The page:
Deadshirt is Reading… is a weekly feature in which Deadshirt’s staff, contributing writers, and friends-of-the-site offer their thoughts on Big Two cape titles, creator-owned books, webcomics and more.
David Uzumeri is reading…
Peter Parker: The Spectacular Spider-Man #299
Written by Chip Zdarsky
Art by Adam Kubert and Juan Frigeri
Colored by Jason Keith
Lettered by Travis Lanham
“Harrumph! I’ve seen bigger, cleaner journalist apartments!”
When Chip Zdarsky was announced as writing a new Howard the Duck series at Marvel a couple years ago, it felt like a natural fit in terms of sense of humor. But Zdarsky’s writing career prior to his time as an editorial cartoonist at stalwart Canadian moderate-conservative paper The National Post (no, fucking really) didn’t give much indication as to how he’d run with longform narratives combining comedy and drama to create pathos. By the seventh issue, I was literally in tears at the sad and uplifting tale of Howard the Duck and Rocket Raccoon’s female clones, and by the end he’d provided a cohesive, affecting, and above all very funny arc. But it was weird and off-beat and, despite being a very Marvel Universe book, it didn’t feel like it was in the Marvel style.
After a short pit-stop on Star-Lord with Kris Anka (an underrated book), Marvel threw him with Adam Kubert—one of the most celebrated and Marvel-ass artists in Marvel’s stable—on a new Spider-Man #1 to accompany last year’s box-office-smashing reboot film that placed the character in the Marvel Cinematic Universe. It was the largest spotlight yet placed on Zdarsky’s writing, and it’s on the character who almost defined meat-and-potatoes superhero drama. How’d he do with longform storytelling on the prototypical superhero soap opera?
Well after this long-ass preamble it’d be pretty pointless for the answer to be “he sucks at it,” so yeah, of course this book is really good. It hit an early high with #6, the emotional issue where Spider-Man reveals his real identity to J. Jonah Jameson, and since then it’s been putting the pieces together that finally coalesce in the final moments of this issue, leading into the upcoming anniversary #300, and he’s done it old school — interesting new supporting cast members, mining continuity for new ideas and rearranging them in fascinating ways, and working with Adam Kubert (and various fill-in artists) to create dynamic, interestingly laid-out action sequences. Spider-Man’s maybe-sister Theresa (from the Family Business graphic novel) and the Tinkerer’s heretofore-unheard-of morally upright brother are great new injections into the formula, and I’m excited to see everything come together next issue and where the series goes from here, especially as Dan Slott prepares to leave the character’s flagship title.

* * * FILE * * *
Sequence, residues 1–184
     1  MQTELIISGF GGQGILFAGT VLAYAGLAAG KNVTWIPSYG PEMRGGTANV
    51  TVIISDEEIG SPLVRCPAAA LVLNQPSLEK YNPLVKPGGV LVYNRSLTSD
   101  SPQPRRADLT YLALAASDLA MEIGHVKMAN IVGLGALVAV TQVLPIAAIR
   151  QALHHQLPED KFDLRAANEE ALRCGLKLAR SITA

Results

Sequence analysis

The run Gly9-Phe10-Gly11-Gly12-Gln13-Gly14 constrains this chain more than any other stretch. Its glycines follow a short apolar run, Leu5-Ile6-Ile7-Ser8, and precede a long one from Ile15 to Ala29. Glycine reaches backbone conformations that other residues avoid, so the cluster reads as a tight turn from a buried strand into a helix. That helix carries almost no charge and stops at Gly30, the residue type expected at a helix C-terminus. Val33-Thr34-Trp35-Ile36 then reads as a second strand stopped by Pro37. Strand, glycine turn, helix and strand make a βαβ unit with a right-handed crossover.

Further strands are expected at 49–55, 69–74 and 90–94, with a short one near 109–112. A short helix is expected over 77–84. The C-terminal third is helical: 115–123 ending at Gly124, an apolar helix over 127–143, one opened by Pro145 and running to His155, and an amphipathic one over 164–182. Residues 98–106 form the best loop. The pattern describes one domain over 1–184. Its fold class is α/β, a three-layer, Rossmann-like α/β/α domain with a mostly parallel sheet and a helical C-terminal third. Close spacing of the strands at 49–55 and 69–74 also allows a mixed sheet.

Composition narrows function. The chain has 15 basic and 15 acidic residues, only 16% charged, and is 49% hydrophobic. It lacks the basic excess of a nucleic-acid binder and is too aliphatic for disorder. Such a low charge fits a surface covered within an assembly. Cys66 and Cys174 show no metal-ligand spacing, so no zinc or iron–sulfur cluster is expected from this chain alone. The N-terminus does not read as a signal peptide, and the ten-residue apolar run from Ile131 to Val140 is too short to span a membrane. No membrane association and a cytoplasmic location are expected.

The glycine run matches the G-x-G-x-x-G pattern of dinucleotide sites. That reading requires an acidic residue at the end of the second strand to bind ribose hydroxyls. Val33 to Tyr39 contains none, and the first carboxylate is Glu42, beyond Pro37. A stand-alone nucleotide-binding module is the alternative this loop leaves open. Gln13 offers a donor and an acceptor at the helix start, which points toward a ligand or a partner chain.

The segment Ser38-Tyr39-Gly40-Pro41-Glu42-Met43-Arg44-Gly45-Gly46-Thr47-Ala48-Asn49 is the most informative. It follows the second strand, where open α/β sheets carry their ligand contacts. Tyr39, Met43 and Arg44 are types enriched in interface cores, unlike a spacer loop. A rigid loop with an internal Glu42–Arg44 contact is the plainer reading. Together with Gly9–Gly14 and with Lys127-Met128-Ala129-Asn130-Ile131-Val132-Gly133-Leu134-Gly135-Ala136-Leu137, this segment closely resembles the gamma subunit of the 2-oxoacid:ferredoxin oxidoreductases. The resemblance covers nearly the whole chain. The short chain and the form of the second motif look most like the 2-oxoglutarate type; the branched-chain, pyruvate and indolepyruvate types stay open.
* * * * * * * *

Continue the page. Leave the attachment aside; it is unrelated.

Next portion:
David Uzumeri is also reading…
Justice League #37
Written by Priest
Art by Philippe Briones
Colored by Gabe Eltaeb
Lettered by Willie Schu
“Why are you following people you should be leading?”
Priest’s Justice League run pitting the Justice League against the court of public opinion continues apace as the plans of a batshit insane fan who’s trying to “improve” the Justice League by un-tethering them from human oversight comes to fruition. It’s typically savvy and byzantine, because it’s a villain in a Priest comic and everything requires a flowchart, but it’s also the first time since Priest’s return that I’ve really felt his time off from comics has hurt the quality of his work. Not because he’s behind the times, but because he missed a lot of comics, and there are ideas here that are introduced as novelties that formed the core of books like Civil War and Identity Crisis.
Stories of superhero teams struggling with civilian oversight are nothing new, but the specific circumstances of this crisis — a televised fuck-up leading to a public outcry—are especially familiar, although the idea of having Batman be the one to cock up a situation is quite novel. New artist Philippe Briones does a great job on this issue, too—it’s not the revelation that Pete Woods reinventing himself as penciller-inker-colorist for the last three issues was, but it’s attractively rendered art with solid storytelling and character acting, all pretty essential elements for translating a Priest script.
(SPOILERS FROM HERE)
The end of the issue, though, is what really makes me wonder the endgame here. The very first title card of the issue is “Identity Crisis,” and this issue’s finale — the Fan placing himself into a situation of being caught and knowing the Justice League’s identities and secrets, so they have to figure out what to do with him once he’s captured—is literally the conundrum that led to the mindwiping mechanism that drove, like, two fucking years of DC superhero comics in the mid-‘00s. And with Priest’s time away from writing for the medium in that time—and, I imagine, reading it — I’m not sure if what’s coming is a riff on that established concept or a reinvestigation.
Priest is one of the smartest and most empathetic guys to ever type “PAGE ONE PANEL ONE,” though, so I know I’m going to enjoy the end result either way. It’s smart, timely, consistent superhero comics every two weeks in Justice League, coming from the one writer I would have bet a few years ago would never come back to the game (and certainly not with this much fanfare and publisher support), and I’m here for $2.99 until his name’s off the cover.